Symptoms And Treatment Options
No one likes to visit the dentist, but some people experience a kind of anxiety that may turn into a fear or even a phobia. Dentophobia is a very common affliction and is also referred to as odontophobia, dental fear or dental anxiety. Phobias related to blood and needles may also prevent people from visiting their dentist for routine dental care.
The most common way of developing dental fear is direct experience. Most people have reported that a difficult, traumatic or painful dental experience as the reason for developing the phobia. Another factor that contributes to the phobia is the dentist’s perceived manner. It was found out that dentists considered to be impersonal, uninterested, uncaring or cold caused a higher level of dental fear in children when compared with others who were considered to be warm and caring.
Dentophobia may also develop as people learn about the traumatic experience of others and hear negative views about the dentistry. The negative depiction of dentistry in cartoons and media also contributes to a person’s fear. Dentophobia can develop because of a prior traumatic experience even if it is in no-dental context. Further, research studies have shown that a feeling of helplessness and a perceived lack of control causes fear.
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In general, women report dental fear more than men and more young people experience the phobia when compared with older individuals. Further, people experience more fear when it comes to invasive procedures than less invasive treatment.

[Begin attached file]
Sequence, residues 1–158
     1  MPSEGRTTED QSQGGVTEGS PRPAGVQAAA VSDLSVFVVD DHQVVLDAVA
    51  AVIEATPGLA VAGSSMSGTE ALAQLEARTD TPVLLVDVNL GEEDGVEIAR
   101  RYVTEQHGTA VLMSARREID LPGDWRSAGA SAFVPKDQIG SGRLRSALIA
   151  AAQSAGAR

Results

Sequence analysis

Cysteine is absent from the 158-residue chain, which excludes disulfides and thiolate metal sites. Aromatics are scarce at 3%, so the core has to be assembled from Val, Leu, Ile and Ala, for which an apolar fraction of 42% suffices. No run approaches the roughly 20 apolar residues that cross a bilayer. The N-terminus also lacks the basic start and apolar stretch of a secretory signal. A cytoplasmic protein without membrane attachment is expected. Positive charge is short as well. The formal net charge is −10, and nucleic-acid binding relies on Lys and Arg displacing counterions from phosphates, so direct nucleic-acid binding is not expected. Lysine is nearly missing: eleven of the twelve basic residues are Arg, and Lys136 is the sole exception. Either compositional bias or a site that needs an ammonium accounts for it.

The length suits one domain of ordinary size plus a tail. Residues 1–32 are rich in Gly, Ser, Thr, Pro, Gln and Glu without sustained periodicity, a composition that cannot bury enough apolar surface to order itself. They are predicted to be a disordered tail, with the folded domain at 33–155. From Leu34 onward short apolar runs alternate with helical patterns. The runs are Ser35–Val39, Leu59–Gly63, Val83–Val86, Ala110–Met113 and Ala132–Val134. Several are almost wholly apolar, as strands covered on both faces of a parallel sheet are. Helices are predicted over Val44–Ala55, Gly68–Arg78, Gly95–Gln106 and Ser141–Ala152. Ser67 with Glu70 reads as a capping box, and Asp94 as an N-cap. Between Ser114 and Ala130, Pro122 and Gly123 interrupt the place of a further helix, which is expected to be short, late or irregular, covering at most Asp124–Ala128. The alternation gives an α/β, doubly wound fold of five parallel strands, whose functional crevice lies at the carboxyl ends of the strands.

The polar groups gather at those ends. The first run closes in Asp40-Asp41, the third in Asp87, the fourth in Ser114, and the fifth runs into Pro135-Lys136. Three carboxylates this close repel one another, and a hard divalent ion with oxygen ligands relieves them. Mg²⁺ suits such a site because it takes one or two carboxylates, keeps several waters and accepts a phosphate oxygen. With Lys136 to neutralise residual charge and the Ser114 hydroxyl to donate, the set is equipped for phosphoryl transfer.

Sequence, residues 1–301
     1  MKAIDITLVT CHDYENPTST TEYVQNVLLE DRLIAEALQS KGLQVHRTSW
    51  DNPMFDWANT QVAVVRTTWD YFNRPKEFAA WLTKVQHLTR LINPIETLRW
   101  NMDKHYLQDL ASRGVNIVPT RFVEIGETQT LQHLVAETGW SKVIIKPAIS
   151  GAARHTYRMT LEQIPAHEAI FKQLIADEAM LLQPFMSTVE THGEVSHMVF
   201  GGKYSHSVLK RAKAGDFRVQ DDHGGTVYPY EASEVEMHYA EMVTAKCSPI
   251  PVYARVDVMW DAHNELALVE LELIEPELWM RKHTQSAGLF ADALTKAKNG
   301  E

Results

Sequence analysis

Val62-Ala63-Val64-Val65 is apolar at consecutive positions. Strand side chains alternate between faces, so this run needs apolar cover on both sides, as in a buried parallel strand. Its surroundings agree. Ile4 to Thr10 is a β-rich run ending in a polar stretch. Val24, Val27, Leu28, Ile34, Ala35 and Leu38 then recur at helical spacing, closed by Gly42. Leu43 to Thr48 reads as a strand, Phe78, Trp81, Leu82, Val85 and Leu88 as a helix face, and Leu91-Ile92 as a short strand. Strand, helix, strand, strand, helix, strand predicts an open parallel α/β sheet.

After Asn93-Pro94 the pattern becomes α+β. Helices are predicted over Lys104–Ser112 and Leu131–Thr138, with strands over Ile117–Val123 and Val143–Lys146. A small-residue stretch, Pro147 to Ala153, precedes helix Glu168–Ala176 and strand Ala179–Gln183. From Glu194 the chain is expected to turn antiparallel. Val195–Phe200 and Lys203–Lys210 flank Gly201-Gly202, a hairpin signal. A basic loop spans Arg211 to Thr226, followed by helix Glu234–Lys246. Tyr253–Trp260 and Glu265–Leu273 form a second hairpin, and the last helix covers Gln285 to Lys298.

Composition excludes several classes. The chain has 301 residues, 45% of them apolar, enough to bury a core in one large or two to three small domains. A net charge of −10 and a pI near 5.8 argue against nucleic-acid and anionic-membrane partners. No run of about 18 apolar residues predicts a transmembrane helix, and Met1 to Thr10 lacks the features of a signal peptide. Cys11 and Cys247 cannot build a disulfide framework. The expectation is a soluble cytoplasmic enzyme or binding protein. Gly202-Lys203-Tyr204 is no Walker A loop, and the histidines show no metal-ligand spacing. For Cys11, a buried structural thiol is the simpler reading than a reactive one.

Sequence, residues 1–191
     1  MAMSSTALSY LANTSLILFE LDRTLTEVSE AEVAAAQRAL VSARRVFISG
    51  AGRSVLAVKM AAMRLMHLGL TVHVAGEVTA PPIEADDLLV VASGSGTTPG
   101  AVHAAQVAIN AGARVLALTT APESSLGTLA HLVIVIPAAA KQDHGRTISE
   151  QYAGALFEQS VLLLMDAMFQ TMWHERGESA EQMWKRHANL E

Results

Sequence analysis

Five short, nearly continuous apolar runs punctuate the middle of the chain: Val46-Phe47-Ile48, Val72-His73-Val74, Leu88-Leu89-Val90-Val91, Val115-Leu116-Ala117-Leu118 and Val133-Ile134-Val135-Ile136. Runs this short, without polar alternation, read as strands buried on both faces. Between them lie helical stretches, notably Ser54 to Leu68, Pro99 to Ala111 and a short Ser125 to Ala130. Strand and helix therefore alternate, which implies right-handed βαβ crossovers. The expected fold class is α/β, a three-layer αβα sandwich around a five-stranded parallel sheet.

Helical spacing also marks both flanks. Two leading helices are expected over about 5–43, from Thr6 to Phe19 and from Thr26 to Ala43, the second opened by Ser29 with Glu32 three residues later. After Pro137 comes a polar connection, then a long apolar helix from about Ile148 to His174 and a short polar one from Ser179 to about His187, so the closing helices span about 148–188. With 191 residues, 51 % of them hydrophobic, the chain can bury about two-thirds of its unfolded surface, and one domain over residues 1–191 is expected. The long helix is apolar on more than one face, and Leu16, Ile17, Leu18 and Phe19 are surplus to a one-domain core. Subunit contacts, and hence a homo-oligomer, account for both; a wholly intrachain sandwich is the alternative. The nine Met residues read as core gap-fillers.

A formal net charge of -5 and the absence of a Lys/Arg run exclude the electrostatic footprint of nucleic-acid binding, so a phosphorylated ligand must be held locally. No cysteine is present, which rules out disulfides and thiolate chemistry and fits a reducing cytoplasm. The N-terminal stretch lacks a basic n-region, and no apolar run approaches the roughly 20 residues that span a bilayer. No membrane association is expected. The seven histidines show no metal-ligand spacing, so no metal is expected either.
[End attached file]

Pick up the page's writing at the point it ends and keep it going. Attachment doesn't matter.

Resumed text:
Symptoms of Dentophobia
As is the case with any phobia, the symptoms of dentophobia may vary from person to person based on the severity of the fear that they are experiencing. Typically, the symptoms include dread, extreme anxiety, and those related to panic such as rapid breathing, shortness of breath, irregular heartbeat, excessive sweating, dry mouth and nausea, among others.
Treatment Options for Dentophobia
Fear of dentists, dentophobia, is sometimes diagnosed with the help of an instrument for fear measurement such as the Modified Dental Anxiety Scale or Corah’s Dental Anxiety Scale. However, to treat dental anxiety, a combination of pharmacological and behavioral techniques is employed.
Dentists use behavioral strategies such as positive reinforcement, non-threatening language and tell-show-do. Behavioral treatments that are more specialized include teaching relaxation techniques (progressive muscle relaxation and diaphragmatic breathing) and cognitive techniques (guided imagery and cognitive restructuring). It has been seen that both relaxation as well as cognitive strategies significantly reduce dentophobia. Systematic desensitization is a cognitive restructuring technique that is used by psychologists to help people overcome anxiety disorders and phobias.
Pharmacological techniques employed to manage dentophobia may range from use of mild sedatives to administration of general anesthesia. Dentists often use behavioral and pharmacological techniques in conjunction. Nitrous oxide is a medication that is commonly used by dentists to reduce anxiety. Oral sedatives such as benzodiazepine or triazolam are sometimes prescribed by dentists. Patients may feel calm and sometimes drowsy at the time of dental treatment, but they will be conscious and can communicate with the doctor and staff. In the case of general anesthesia, the sedation will be deeper and patients will not respond to physical or verbal prompts.
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Treatment Of Dentophobia:
A recent survey found that fear of dentists affects one in four people. However, it is likely to be a much higher figure in reality … it’s THAT common so you can see that you’re NOT alone! You need not live with dentophobia – you CAN beat your fears: